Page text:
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You know the procedure, they take all of your clothes off and they search all of your body…doesn’t matter if you agree…

Date & Time 2022-05-29
Location Orestiada
Reported by Anonymous Partner
Coordinates 41.5014015, 26.5310803
Pushback from Greece
Pushback to Turkey
Taken to a police station yes
Minors involved yes
WLTI* involved no
Men involved yes
Age 15 - 28
Group size 370
Countries of origin Pakistan, Palestine, Syria, Morocco, Algeria, Egypt
Treatment at police station or other place of detention detention, no translator present, denial of food/water
Overall number of policemen and policewomen involved 42
Violence used beating (with batons/hands/other), insulting, forcing to undress, theft of personal belongings, reckless driving, Blinding lights,
Police involved 2 men wearing civil clothes at point of apprehension; 5 men at the first detention site wearing either civil clothes or uniforms resembling a police uniform; 20 men in either civil clothes or uniforms resembling police uniforms marked with the Greek insignia; 3 men driving the bus from the third point of apprehension to the river wearing either civil clothes or clothes resembling a uniform; 7 men at the river in black uniforms and balaclavas with batons; 5 men at the river in blue uniforms, one man wearing a black t-shirt, black pants and a balaclava

The respondent  is a 26-year old man from Algeria, that described  his 7th pushback from Greece to Turkey over the Evros/Meriç River border on approximately the 4th of September 2022. 

On the morning of 4th, the respondent described buying a bus ticket for Polykastro at the KTEL bus station in Thessaloniki. As he was walking with a friend to board the bus, he was stopped  by two men wearing civil clothes and driving a black civil car. The men in civil clothing, who the respondent reported were police officers, asked him for his passport and to provide documentation or proof of a police note (an expulsion document allowing people irregularly present on national territory seven days to leave Greece, which lets them move freely in the country during this period). The respondent had neither, but replied he was going to catch a bus to Polykastro. The respondent reported that the men  proceeded to detain him in the black car and transport him and his friend (who was also Algerian) to a police station in Thessaloniki.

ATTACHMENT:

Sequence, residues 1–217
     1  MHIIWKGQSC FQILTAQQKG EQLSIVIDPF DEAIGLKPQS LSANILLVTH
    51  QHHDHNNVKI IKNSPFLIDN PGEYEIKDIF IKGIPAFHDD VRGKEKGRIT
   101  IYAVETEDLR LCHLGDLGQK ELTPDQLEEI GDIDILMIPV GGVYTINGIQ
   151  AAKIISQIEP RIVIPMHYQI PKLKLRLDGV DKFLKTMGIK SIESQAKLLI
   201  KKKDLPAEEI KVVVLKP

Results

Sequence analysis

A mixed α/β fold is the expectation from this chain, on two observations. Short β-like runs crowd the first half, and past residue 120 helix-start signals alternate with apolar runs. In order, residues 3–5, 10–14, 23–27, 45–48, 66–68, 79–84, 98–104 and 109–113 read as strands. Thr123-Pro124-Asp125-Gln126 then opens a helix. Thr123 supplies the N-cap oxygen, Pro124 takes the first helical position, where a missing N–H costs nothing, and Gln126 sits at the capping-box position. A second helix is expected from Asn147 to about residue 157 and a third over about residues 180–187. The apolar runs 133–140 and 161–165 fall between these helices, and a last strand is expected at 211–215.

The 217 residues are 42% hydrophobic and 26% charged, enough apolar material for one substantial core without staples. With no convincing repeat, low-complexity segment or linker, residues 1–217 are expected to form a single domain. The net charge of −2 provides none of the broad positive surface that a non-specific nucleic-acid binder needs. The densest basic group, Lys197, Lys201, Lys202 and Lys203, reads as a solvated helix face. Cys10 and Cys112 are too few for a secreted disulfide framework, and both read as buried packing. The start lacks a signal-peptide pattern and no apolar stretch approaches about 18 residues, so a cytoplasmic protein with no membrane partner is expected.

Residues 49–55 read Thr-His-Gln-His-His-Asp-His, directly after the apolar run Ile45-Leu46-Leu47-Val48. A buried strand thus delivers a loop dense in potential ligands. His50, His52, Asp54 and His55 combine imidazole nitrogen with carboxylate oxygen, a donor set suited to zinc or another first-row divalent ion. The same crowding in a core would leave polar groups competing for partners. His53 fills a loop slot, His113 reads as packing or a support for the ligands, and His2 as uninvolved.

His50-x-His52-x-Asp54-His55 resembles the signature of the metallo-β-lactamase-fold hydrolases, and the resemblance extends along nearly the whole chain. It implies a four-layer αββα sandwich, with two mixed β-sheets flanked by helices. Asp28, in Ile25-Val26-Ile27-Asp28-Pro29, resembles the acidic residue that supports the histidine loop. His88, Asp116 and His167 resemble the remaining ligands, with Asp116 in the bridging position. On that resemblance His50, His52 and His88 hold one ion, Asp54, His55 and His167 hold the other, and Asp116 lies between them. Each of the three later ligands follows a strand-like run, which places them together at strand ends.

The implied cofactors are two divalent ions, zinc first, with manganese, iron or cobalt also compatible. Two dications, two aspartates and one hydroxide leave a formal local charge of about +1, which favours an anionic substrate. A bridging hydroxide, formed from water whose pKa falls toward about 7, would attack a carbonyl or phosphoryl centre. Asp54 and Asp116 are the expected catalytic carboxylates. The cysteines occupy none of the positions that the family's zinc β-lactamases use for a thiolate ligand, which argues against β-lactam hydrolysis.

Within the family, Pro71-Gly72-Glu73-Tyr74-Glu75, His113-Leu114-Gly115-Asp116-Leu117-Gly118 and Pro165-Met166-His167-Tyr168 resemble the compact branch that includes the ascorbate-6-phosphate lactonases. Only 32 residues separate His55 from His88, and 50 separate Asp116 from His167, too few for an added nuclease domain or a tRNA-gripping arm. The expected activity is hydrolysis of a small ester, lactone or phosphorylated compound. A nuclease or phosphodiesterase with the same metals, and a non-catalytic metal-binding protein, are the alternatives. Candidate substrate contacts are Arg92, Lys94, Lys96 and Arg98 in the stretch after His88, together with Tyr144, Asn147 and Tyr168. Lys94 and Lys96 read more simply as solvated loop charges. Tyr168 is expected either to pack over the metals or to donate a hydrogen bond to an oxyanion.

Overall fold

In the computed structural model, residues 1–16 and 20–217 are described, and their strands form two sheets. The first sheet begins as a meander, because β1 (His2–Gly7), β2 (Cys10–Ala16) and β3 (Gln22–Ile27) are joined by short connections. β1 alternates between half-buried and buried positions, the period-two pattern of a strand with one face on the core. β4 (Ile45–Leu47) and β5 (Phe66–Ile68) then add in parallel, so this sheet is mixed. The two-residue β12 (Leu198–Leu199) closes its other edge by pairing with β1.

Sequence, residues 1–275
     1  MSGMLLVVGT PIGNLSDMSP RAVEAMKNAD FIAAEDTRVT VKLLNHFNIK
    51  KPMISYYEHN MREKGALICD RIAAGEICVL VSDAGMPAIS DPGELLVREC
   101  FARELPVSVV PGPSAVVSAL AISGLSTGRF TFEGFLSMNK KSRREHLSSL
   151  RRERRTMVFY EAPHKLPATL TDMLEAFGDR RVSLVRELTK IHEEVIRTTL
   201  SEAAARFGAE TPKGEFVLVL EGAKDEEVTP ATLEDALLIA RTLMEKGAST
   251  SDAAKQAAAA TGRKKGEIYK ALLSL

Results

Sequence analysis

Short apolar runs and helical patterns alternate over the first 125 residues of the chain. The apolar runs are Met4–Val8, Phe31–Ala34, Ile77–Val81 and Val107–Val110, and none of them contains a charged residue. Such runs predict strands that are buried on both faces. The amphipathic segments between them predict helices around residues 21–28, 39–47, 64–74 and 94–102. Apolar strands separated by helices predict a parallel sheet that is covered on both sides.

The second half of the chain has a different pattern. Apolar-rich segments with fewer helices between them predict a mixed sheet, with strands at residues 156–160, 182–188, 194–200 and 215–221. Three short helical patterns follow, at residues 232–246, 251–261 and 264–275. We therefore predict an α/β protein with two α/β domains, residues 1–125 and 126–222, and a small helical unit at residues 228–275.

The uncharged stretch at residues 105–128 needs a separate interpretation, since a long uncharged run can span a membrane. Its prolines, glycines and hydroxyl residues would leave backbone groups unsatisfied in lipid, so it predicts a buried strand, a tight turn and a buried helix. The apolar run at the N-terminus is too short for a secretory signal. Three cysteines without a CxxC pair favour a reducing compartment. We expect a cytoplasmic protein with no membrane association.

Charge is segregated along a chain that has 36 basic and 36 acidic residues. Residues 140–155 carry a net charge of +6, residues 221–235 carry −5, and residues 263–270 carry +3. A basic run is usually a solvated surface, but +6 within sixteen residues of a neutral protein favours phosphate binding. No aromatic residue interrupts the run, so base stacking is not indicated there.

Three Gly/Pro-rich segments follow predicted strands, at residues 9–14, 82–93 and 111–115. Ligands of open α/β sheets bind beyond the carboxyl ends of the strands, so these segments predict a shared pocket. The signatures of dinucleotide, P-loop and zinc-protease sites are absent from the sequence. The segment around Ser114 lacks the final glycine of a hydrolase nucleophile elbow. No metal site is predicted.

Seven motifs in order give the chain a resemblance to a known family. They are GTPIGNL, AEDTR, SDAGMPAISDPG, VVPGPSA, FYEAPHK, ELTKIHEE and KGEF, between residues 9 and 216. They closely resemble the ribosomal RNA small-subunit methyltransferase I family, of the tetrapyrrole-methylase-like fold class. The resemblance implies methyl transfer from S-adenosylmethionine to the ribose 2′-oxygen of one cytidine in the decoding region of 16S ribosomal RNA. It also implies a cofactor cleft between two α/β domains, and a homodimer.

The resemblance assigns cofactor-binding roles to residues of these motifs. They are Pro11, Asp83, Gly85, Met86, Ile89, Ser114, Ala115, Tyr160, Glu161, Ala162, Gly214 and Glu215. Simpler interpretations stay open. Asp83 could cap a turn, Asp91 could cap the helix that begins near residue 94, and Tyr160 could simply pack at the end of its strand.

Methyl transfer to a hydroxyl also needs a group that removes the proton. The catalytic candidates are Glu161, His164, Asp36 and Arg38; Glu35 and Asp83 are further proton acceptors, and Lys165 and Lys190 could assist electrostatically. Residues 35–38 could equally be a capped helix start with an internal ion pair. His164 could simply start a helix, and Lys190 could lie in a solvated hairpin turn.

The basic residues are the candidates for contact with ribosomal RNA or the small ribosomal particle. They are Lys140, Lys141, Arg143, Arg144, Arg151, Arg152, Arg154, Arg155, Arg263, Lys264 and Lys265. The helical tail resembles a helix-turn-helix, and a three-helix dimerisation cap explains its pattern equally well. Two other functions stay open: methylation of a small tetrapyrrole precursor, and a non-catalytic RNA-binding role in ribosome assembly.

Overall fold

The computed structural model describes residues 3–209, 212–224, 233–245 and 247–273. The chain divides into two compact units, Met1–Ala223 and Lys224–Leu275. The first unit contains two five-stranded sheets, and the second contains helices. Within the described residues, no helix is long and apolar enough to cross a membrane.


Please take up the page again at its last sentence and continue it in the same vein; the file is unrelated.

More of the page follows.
The respondent reported that they drove really fast for 15 minutes until they reached a small building resembling a police station where they had all of their belongings including “phones, wallets and backpacks” taken, after which the respondent and his friend were locked in a tiny cell for two hours without food and water. At the station, the respondent described that there were about five or six men working there; some wearing civil clothing, others in clothing resembling uniforms. The respondent said that he was strip searched by two men in uniform at the station, and when he asked, was denied access to a translator. He also explained that he was completely ignored when he asked for asylum and recounted how he was treated with hostile and aggressive behaviour. The cells were empty when the respondent first arrived, but by the time he left it was reportedly packed with about 50 people (including five minors around 15 or 16 years old). 

Later that day, the respondent reported that they were taken in groups of 12 to another bigger building referred to by the respondent as a police station half-an-hour drive along the highway. They were reportedly transported in vans with no windows or ventilation systems, and were driven really fast. The respondent said they arrived at the second station around 4p.m., late in the afternoon. He estimated there were about 20 men wearing uniforms with Greek insignias which matched the symbol on the station wall. The respondent reported they were made to line up and forced to undress themselves in front of everyone, and then two men in civil clothes body searched them individually.